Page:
By now the "cooling breeze" from earlier was a decidedly cold wind and I had added first a long sleeved shirt and then my jacket over my t shirt. We decided to have our picnic lunch and coffee inside the horseshoe shaped cairn and take advantage of the shelter it provided. Not a bad view for lunchtime either!


Here you can see down over Dingwall to the Firth and the Black Isle beyond...


But we knew this was not the true summit, we had climbed to 946m but there was another 100m to climb to reach the true summit across the ridge. We put the coffee away, put on gloves (yes it was that cold despite the blue skies!) and followed the track...


The hardest thing about this last mile and a half was remembering to keep an eye on the path! The views to either side were spectacular....






It was very windy and unfortunately a little black speck got blown onto the camera lense which neither of us noticed until we were looking at the photos the next day. It was also cold and as we neared the true summit and looked back along the ridge there were patches of snow still hanging on. Looking for snow on the Ben is part of the rhythm of the year for us, the first snowy covering roundabout October used to be greeted with excitement by our kids that winter/Christmas was coming and maybe even a snow day from school if they got really lucky! Equally a late re-covering of springtime snow warns us to watch out for frosts, the cold weather isn't done with us yet, and to hold off putting tender plants out into the garden for a little bit longer. But seeing it from this angle was definitely a new experience!


We reached the trig point at the summit almost three hours after leaving the car park, not bad going as we were in no hurry and had taken our time including stopping for lunch.


  After drinking in the views some more (and a few more photos) we turned around to retrace our steps. With the cairn behind us the gentle roll of the ridge finally gave way to the steepness of An Cabar, at this point it looked as though the path just ran off the edge!


I was even less impressed with this section of the path on the way down and we actually took longer on the descent than we had on the climb up!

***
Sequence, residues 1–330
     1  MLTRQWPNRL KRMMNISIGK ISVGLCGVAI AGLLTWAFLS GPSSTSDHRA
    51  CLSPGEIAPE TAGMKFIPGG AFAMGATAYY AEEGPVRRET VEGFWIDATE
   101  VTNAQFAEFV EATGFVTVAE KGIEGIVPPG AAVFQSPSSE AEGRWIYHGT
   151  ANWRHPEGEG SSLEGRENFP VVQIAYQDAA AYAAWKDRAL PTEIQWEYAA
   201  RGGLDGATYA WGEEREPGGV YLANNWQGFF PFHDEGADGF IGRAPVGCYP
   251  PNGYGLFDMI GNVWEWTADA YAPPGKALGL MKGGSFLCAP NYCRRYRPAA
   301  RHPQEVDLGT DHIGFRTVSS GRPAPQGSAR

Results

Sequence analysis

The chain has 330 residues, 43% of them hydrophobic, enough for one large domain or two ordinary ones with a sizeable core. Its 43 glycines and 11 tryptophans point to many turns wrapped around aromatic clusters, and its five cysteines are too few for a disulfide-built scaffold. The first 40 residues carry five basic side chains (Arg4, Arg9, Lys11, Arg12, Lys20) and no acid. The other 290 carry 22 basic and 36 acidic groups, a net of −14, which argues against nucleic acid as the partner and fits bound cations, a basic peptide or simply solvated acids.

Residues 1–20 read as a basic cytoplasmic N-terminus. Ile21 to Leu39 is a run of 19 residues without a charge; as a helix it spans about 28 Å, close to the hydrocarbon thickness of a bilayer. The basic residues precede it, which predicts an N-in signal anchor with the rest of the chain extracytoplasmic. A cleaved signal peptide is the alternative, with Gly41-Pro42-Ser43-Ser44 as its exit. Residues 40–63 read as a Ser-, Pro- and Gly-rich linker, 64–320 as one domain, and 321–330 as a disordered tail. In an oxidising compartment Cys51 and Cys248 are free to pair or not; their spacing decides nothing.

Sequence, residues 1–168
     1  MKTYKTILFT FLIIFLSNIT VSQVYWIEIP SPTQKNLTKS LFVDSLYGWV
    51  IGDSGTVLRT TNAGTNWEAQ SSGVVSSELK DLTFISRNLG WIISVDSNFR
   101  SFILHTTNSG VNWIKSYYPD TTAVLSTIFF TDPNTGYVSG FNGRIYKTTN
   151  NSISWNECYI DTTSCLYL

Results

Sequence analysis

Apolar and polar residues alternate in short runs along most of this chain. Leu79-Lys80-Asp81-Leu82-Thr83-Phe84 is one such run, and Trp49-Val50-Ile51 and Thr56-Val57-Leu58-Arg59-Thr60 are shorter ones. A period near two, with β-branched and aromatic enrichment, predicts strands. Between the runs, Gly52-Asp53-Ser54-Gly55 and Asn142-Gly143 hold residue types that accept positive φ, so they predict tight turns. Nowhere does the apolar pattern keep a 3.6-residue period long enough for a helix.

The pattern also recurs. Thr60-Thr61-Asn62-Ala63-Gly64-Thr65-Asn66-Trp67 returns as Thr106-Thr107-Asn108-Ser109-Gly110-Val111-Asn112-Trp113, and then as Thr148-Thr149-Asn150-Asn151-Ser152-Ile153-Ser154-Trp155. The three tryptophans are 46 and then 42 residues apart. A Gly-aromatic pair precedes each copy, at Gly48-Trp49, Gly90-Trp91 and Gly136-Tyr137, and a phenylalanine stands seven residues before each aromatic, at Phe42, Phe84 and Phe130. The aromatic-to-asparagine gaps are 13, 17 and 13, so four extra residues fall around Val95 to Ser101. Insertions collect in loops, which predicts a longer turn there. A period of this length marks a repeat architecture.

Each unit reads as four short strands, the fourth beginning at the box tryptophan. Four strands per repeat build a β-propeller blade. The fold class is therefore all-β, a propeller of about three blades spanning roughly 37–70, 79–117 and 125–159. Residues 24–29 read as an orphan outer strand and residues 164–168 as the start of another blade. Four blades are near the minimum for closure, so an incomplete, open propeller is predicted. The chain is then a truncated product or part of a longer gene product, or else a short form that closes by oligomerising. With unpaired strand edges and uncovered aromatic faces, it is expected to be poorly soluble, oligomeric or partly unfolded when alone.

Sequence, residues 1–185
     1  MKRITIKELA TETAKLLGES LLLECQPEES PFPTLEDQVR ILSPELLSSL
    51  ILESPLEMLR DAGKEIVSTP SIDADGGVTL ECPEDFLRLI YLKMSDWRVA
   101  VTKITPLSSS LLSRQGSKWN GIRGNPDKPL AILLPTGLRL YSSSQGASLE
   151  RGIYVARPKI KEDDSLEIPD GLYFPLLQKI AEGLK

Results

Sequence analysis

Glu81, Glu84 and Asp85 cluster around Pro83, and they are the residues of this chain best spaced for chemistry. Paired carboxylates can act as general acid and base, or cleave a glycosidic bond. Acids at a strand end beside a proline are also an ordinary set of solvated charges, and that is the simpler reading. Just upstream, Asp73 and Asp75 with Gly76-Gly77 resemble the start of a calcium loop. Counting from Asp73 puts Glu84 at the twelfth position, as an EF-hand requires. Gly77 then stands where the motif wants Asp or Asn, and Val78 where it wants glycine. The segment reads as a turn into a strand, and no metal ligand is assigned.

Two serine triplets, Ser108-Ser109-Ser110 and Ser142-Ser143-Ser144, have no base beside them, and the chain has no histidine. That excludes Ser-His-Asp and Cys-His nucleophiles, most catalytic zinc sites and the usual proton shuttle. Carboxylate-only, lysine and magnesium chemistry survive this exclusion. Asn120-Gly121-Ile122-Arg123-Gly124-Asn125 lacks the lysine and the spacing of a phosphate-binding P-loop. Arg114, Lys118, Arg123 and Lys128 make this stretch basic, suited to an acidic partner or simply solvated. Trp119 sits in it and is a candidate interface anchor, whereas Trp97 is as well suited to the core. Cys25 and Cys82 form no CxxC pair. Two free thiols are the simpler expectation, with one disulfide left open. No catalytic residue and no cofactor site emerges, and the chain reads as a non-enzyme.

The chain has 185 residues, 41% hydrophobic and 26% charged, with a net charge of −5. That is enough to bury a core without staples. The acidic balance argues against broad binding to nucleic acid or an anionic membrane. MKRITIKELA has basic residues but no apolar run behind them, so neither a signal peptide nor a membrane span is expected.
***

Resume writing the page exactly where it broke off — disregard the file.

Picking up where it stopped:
Hubbie had to help me a lot and also stop and wait for me to negotiate bits slowly but that also gave him time to snap more photos...


...and once we passed this huge boulder I knew the worst was over. Did I mention some of those stone steps wobble under your feet? Ugh!!! 


Our speed increased once more and soon we were back to our old friend the stream (the hill behind it the one we had looked down on on our way up)...


About 40 minutes later we were back to the car. With the coffee at lunchtime seeming a distant memory we were definitely ready to get home for a cuppa! 
All the years we have lived in the Highlands (it will be twenty four this December) we have seen the Ben on a daily basis and it has long been in my mind to climb it "one day". To actually do it was a great experience and I hope you enjoyed coming along with me!



4 comments:

  1. That is a beautiful climb! One day I hope to make it over that way across the big pond. It's on our bucket list. Thank you for sharing your experience. --Andrea

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    1. You're welcome Andrea! I hope you get the chance to make the trip over here, although you have a lot of beautiful scenery in your neck of the woods too! Have a great week,
      Helen

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  2. You're making me homesick! Such pretty views and well done for bagging your first Munro.

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    1. Awww sorry Rhona! I'm sure you're going to get a warmer, sunnier summer than us though ;-) We were very lucky to get clear weather for maximum views, it turned out to be the best day of the week! Have a lovely week,
      Helen